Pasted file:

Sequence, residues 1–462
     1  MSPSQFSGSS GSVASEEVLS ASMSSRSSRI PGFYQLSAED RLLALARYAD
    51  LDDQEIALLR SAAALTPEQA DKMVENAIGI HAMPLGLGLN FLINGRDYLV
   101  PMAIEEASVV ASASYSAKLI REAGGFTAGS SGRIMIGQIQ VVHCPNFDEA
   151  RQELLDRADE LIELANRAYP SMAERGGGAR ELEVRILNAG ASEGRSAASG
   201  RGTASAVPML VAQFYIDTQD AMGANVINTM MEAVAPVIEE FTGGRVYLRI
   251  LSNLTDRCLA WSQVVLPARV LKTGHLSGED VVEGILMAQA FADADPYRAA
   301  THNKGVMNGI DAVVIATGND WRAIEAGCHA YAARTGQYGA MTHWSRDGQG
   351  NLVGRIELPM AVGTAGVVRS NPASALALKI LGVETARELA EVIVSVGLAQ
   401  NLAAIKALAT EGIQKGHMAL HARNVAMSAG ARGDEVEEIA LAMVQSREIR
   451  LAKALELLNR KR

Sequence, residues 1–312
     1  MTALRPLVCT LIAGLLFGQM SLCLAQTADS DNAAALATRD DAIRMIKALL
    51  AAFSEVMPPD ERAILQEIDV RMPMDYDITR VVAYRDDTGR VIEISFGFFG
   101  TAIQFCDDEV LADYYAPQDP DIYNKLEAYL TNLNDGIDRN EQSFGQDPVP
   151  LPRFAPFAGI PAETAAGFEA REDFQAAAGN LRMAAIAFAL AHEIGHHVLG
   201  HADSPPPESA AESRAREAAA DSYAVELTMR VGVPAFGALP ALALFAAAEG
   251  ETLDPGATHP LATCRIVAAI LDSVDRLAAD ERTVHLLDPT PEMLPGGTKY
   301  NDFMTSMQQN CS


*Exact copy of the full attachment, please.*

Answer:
Sequence, residues 1–462
     1  MSPSQFSGSS GSVASEEVLS ASMSSRSSRI PGFYQLSAED RLLALARYAD
    51  LDDQEIALLR SAAALTPEQA DKMVENAIGI HAMPLGLGLN FLINGRDYLV
   101  PMAIEEASVV ASASYSAKLI REAGGFTAGS SGRIMIGQIQ VVHCPNFDEA
   151  RQELLDRADE LIELANRAYP SMAERGGGAR ELEVRILNAG ASEGRSAASG
   201  RGTASAVPML VAQFYIDTQD AMGANVINTM MEAVAPVIEE FTGGRVYLRI
   251  LSNLTDRCLA WSQVVLPARV LKTGHLSGED VVEGILMAQA FADADPYRAA
   301  THNKGVMNGI DAVVIATGND WRAIEAGCHA YAARTGQYGA MTHWSRDGQG
   351  NLVGRIELPM AVGTAGVVRS NPASALALKI LGVETARELA EVIVSVGLAQ
   401  NLAAIKALAT EGIQKGHMAL HARNVAMSAG ARGDEVEEIA LAMVQSREIR
   451  LAKALELLNR KR

Sequence, residues 1–312
     1  MTALRPLVCT LIAGLLFGQM SLCLAQTADS DNAAALATRD DAIRMIKALL
    51  AAFSEVMPPD ERAILQEIDV RMPMDYDITR VVAYRDDTGR VIEISFGFFG
   101  TAIQFCDDEV LADYYAPQDP DIYNKLEAYL TNLNDGIDRN EQSFGQDPVP
   151  LPRFAPFAGI PAETAAGFEA REDFQAAAGN LRMAAIAFAL AHEIGHHVLG
   201  HADSPPPESA AESRAREAAA DSYAVELTMR VGVPAFGALP ALALFAAAEG
   251  ETLDPGATHP LATCRIVAAI LDSVDRLAAD ERTVHLLDPT PEMLPGGTKY
   301  NDFMTSMQQN CS